Over in the District Court in New Jersey the court determined that claims for breach of bailment and negligence were preempted by FAAAA in an action seeking recovery for cargo damages. The only claim against the carrier/warehouseman was a claim for breach of contract. Assicurazioni Generali v. Harbor Freight Transport Corp., 2021 WL 1401120
Although preemption is often addressed in the cases we report, it does not extend to totally intrastate transportation. The Eastern District in Wisconsin declined jurisdiction on a cargo claim that arose from transportation within the state of Wisconsin. The court remanded the case back to state court, concluding that there was no federal common law applicable to intra-state transportation. Asphalt Contractors, Inc. v. R&J Transport, 2021 WL 12501
Avoiding the impact of Carmack Amendment venue provisions is difficult. The Eastern District of Michigan concluded that as long as the transport was not for household goods and the contract term did not govern registration, insurance, or safety fitness, a forum selection clause is acceptable, provided the specific venue provisions under the Carmack Amendment were specifically waived (which they were not). The court agreed that a waiver of rights and remedies under the Carmack Amendment must “expressly” reference the statute in some way “on the face of the contract provision in question.” Michigan Custom Machines, Inc. v. AIT Worldwide Logistics, Inc., 2021 WL 1207358
The District Court in Massachusetts granted final judgment to the maintenance company when there was no causal connection between a tire change and damage to the cargo. After 3 years of litigation there was no evidence to support keeping them in the case. Woods Hole Oceanographic Institution v ATS, 2021 WL 1565418
What applies when the parties enter into an agreement to clean, store and move household goods in interstate commerce? The Eastern District of North Carolina concluded that neither an oral contract or a written work authorization were enforceable contracts, but that a claim under the Carmack Amendment might exist. The plaintiff argued that Carmack would not limit her recovery as the transportation services were part of a different primary purpose, i.e. the cleaning and storage and therefore exempt. The court held what the potential for the exemption was not shown without a question of fact and therefore denied summary judgment to the plaintiff. Bryand v. Core Contents Restoration, LLC, 2021 WL 1207719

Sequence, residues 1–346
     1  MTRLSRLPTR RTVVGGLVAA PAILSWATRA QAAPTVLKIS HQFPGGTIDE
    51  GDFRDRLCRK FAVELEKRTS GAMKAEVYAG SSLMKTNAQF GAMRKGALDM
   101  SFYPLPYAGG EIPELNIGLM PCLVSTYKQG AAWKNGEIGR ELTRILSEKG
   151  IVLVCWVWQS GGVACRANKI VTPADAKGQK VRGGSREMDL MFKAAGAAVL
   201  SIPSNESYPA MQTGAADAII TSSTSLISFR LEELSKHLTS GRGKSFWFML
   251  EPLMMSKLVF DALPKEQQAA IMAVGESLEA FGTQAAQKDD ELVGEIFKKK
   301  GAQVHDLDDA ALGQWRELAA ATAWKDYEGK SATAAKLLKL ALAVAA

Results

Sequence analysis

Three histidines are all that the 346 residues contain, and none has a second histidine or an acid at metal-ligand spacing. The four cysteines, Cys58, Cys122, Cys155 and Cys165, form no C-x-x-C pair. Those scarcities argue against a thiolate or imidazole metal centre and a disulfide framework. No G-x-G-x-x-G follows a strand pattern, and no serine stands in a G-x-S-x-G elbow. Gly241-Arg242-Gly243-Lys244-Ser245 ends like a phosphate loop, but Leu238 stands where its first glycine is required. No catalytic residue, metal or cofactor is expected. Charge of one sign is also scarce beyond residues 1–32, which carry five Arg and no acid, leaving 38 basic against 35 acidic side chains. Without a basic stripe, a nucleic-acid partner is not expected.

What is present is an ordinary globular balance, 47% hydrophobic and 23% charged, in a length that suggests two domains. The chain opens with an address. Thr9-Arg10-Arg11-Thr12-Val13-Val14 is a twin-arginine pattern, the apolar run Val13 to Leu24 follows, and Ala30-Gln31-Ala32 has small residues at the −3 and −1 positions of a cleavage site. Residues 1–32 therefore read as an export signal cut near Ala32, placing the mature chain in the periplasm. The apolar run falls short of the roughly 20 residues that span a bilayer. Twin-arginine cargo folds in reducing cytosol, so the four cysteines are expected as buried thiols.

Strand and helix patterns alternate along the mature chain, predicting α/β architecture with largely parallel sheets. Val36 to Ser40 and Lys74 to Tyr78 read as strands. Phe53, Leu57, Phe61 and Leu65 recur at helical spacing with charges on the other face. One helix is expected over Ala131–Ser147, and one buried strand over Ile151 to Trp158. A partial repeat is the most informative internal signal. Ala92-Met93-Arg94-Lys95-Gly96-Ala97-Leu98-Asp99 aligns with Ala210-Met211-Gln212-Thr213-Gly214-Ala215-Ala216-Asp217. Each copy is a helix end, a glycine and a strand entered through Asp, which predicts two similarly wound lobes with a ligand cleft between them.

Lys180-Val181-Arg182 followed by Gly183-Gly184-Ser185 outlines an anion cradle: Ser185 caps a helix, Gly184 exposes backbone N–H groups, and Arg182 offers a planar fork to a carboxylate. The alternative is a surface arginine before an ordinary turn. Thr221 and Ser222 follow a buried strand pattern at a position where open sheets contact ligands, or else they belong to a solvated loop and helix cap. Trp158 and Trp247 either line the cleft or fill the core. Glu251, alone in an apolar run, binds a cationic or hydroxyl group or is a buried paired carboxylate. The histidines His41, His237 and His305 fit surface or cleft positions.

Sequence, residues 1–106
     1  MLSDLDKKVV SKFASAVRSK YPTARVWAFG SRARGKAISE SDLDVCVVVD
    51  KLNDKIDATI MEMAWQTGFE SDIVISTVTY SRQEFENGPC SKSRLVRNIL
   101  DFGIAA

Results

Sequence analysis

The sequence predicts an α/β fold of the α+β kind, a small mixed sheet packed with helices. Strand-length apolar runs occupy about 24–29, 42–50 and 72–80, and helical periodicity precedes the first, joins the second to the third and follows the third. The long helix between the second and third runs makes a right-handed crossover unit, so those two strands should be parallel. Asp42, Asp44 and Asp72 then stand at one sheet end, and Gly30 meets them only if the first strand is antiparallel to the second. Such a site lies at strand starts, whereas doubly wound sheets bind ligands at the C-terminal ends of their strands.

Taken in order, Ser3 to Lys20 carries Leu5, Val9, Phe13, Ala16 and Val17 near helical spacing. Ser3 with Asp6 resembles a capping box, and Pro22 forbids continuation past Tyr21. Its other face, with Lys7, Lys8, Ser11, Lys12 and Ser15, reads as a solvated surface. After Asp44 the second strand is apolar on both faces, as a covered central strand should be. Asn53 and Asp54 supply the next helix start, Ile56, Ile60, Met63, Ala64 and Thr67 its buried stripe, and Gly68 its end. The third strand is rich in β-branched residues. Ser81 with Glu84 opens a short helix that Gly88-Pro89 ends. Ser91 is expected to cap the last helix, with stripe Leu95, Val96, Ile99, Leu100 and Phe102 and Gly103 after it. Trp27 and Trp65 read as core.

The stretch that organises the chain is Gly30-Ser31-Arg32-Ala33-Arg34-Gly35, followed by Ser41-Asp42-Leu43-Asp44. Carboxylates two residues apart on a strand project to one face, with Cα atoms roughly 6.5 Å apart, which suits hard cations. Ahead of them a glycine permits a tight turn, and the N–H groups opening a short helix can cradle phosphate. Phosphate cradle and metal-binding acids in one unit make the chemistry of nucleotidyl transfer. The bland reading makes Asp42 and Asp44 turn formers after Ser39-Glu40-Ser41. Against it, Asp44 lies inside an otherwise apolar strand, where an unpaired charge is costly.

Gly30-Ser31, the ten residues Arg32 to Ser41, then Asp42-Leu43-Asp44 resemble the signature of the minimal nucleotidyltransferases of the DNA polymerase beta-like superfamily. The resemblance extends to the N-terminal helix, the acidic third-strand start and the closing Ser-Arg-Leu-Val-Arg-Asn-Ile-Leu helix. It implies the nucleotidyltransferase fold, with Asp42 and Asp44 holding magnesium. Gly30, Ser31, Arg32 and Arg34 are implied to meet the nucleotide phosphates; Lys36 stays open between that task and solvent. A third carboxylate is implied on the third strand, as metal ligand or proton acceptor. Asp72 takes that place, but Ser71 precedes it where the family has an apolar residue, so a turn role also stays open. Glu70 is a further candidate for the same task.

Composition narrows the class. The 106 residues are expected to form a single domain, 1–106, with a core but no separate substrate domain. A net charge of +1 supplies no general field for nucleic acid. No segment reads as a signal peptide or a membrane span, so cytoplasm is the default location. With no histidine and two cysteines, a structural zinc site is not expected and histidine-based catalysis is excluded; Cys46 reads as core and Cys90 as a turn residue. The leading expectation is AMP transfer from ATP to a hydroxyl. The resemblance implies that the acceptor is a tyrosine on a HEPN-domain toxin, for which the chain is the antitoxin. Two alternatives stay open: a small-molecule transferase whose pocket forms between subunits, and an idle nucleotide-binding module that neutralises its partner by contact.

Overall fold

How often do you see that there is an issue with the recorded VIN on the physical damage policy? The 5th Circuit affirmed a lower court decision finding that the insurer could not deny coverage because of an incorrect VIN when the evidence indicated that the damaged vehicle was the one that should have been on the policy. The court agreed with the reformation of the policy. Unfortunately the court also found that the insurer was responsible for a delayed payment, hitting the insured with additional damages under Louisiana law. Jackson v. Berkshire Hathaway Homestate Insurance Co. 2021 WL 142206
We probably are all reading about the insurance claims for business interruption caused by COVID-19. The Eastern District in Virginia considered a claim submitted by a trucking company that lost business when all non-essential in-store businesses were shut down. The court found that the plain language of the insurance policy was unambiguous, and by the unambiguous plain language of the policy, the claim based on the harm caused by COVID-19, a virus, was barred by the Virus and Organic Pathogen Exclusions – regardless of how the phrase “direct physical loss or damage” was interpreted. L&L Logistics & Warehousing Inc. v. Evanston Insurance Co., 2021 WL 1396280
The estate of a truck driver was unable to enforce a proposed settlement agreement for compensation when the driver was tragically killed in a motorcycle accident. The Court of Appeals in Iowa concluded that the estate could not establish that the settlement terms had been agreed upon by the parties prior to the death. The worker’s compensation settlement would be drastically impacted by the death of the claimant. Estate of Albaugh v. UPS Freight, 2021 WL 1400087
Thanks for joining us,
Jean & Chad